• The displacement towards the more electronegative atom / group is a permanent electronic effect.
  • The displacement causes the permanent polarisation of bonded electrons.
  • It operates through σ bonds only, i.e., no displacement of π electrons takes place.
  • The electrons never leave their original orbitals. Only displacement takes place, but the electron

remains in its orbitals itself.

  • It is a distance-dependent effect. As the distance increases, the strength of the inductive effect decreases. Generally, it is effective up to the third carbon. Its effect becomes negligible and insignificant after the third carbon bond.

Types of Inductive Effect

There are two types of Inductive effect, namely

  1. + I effect
  2. - I effect
+I Effect

The permanent shift in the electron density along the carbon chain away from the electron-donating group (EDG) is known as the +I effect.

Order of +I Effect

–I Effect

The permanent shift in the electron density away from the electron-donating group (EDG) or along the carbon chain towards the electron-withdrawing Group (EWG) is known as the -I effect. Groups which show -I effects are -COOH, -Cl, -F, -NO2, -CN, etc.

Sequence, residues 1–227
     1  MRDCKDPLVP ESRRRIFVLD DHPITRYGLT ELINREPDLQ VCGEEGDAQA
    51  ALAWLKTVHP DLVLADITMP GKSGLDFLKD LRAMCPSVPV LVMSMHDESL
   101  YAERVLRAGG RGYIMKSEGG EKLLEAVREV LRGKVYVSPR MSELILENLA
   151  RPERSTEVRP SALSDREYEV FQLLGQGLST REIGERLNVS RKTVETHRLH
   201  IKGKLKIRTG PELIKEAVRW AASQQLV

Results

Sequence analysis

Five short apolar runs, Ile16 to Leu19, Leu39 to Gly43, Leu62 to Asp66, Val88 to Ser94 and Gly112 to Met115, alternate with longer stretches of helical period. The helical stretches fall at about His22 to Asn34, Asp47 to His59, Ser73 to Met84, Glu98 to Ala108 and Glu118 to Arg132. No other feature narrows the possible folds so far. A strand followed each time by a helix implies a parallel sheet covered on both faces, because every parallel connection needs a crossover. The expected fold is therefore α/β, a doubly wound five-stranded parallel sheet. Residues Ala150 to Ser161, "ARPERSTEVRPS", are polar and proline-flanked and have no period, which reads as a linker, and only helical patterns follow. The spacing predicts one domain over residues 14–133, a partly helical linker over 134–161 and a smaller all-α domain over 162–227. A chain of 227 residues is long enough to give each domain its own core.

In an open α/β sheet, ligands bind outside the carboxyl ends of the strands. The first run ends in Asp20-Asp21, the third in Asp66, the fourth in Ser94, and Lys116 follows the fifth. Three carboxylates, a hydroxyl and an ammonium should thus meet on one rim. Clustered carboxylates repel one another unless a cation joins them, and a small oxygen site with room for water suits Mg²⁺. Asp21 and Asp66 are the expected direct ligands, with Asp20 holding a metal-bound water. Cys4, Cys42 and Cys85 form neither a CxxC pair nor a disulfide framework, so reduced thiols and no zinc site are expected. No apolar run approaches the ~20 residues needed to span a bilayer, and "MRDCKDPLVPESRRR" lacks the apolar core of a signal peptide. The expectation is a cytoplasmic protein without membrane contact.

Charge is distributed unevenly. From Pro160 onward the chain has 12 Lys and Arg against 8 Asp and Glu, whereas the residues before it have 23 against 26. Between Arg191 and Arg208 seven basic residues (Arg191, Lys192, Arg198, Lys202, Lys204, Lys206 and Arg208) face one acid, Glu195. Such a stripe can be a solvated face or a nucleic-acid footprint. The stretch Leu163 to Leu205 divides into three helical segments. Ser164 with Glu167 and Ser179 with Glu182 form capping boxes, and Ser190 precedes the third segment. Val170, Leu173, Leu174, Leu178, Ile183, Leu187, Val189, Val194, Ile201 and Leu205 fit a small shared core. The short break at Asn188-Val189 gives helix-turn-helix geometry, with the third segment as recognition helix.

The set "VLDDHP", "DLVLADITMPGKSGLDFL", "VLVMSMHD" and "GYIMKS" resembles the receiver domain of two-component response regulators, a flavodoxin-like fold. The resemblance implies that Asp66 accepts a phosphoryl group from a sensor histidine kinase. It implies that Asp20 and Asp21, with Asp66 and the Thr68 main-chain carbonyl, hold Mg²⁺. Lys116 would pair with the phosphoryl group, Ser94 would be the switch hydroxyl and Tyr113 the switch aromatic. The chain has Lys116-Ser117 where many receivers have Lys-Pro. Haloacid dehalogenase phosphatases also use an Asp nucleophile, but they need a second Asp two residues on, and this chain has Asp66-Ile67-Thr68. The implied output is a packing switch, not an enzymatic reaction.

Order of -I Effect


The electron-donating/withdrawing capability is relative to hydrogen. The inductive effect of hydrogen is considered to be zero.

Applications of Inductive Effect

  • The relative stability of intermediates can be determined using the inductive effect.
  • Groups showing -I effect stabilise electron-rich species and destabilise electron-deficient species. Electron withdrawing groups (due to -I effect) will nullify the negative charge on the negatively charged species and hence, will stabilise the negatively charged species. Whereas, an electron-donating group (due to +I effect) will destabilise a negatively charged species.
  • Groups showing +I effect stabilise the electron-deficient species and destabilise the electron-rich species. Electron donating groups (due to +I effect) will intensify the negative charge on the negatively charged species and hence, will destabilise the negatively charged species. Whereas, an electron-withdrawing group (due to -I effect) will stabilise a negatively charged species.

Resonance or Mesomeric Effect

The delocalisation of high-energy electrons ( electrons or lone pair of electrons) takes place in this effect. In the case of resonance, several alternative Lewis structures—rather than just one—are employed to represent the bonding and characteristics of a given molecule.